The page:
I will also admit that I took the Do You Know Your Constitution? quiz and only scored an 80%, which just isn't good enough for my perfectionist personality, so I'll be doing a little studying too.

Sunday, September 13, 2009

Pear Juice--The Update

TennZen was kind enough to supply me with the instructions for canning pear juice. As a happy coincidence, her instructions were for 24 pounds of pears and we had 24.5 pounds.

We started out by washing all the pears:

Then, the stem and blossom end was cut off and they were chopped (I didn't core them...was I supposed to??):

We added 2 quarts of water and cooked until the pears were soft:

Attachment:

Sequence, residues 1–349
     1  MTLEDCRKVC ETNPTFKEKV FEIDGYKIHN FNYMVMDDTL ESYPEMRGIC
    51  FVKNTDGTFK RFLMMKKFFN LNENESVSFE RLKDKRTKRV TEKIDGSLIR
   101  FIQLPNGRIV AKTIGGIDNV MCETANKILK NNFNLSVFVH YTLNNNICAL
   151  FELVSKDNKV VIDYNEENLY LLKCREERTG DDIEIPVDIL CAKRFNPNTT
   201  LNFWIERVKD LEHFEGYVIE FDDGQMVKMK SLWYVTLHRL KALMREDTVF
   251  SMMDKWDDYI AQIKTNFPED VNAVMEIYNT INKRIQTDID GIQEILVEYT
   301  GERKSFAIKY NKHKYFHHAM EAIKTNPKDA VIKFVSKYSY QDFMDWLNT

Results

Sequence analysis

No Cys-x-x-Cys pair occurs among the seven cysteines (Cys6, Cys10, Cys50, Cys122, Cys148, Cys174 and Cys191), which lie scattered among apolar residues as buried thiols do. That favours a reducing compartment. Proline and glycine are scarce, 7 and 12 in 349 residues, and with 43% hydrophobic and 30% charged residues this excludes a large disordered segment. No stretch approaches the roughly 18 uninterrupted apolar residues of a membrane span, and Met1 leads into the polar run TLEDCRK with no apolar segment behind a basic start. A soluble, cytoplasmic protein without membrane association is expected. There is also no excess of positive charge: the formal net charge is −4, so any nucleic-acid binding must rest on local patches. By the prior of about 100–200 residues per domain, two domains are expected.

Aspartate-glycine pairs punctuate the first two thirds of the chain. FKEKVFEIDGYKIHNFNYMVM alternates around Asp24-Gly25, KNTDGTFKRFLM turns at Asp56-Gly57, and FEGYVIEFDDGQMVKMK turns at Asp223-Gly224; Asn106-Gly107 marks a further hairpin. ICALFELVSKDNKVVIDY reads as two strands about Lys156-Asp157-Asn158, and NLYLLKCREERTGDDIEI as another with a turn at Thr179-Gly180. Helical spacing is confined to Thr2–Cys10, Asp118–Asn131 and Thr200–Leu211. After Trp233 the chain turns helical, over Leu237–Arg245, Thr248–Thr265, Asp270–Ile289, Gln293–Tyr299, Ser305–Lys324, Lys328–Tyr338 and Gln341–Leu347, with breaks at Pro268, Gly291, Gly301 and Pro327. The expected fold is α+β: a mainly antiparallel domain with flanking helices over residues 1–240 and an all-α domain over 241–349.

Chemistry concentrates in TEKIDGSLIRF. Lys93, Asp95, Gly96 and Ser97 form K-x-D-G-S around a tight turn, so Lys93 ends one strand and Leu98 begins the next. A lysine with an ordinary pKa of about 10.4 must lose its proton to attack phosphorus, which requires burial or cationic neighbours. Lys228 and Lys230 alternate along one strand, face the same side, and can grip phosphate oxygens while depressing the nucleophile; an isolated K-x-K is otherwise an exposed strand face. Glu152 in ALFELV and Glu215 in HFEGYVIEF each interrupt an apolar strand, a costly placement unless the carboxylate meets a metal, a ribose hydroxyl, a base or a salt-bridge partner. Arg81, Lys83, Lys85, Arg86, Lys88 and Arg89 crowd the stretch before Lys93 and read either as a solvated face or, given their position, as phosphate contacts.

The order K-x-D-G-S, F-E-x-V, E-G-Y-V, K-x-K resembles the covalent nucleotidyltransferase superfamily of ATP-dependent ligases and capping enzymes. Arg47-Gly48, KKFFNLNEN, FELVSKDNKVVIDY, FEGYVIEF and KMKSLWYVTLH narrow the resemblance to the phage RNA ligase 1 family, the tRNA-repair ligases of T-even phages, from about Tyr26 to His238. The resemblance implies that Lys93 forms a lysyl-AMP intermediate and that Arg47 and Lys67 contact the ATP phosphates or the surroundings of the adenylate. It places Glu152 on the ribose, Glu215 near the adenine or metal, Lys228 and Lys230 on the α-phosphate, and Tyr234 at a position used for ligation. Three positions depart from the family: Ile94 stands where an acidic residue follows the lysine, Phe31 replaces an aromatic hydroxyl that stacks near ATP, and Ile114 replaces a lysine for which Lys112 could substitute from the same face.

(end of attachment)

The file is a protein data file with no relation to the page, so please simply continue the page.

At that point I stopped taking pictures, but we strained the juice through flour sack cloth and hung up the cloth with the pears in it (like a bag) so the juice would drip out. No squeezing the bag, it just gets your more sediment. The juice was refrigerated overnight and then heated up and canned the next day. I had two small problems. The first is--I never get as much juice as I "should". We got 4 quarts and the instructions said 6 quarts. This happened when we made apple juice last year too. I don't know what I'm doing to lessen my yield. The second problem was the juice was slightly bitter. Now, I know the ideal when making apple juice is to use more than one variety of apple. I assume pear juice is the same way, but we're working with totally free pears off the neighbor's tree, so we stuck with what we had. I'm not sure if the taste was due to the pears or because I didn't core them (ideas??). No worries, I added a little sugar (1 cup for 4 quarts of juice) and it's just fine. Perhaps not quite as healthy, but oh well. Of course, we took some over to the neighbors and they said we are welcome to more pears when they're ripe. It is a LARGE tree (taller than the house) and there are a lot of pears left, plus we have our little tree with several pounds of pears on it, so I need to figure out how to best make good use of them.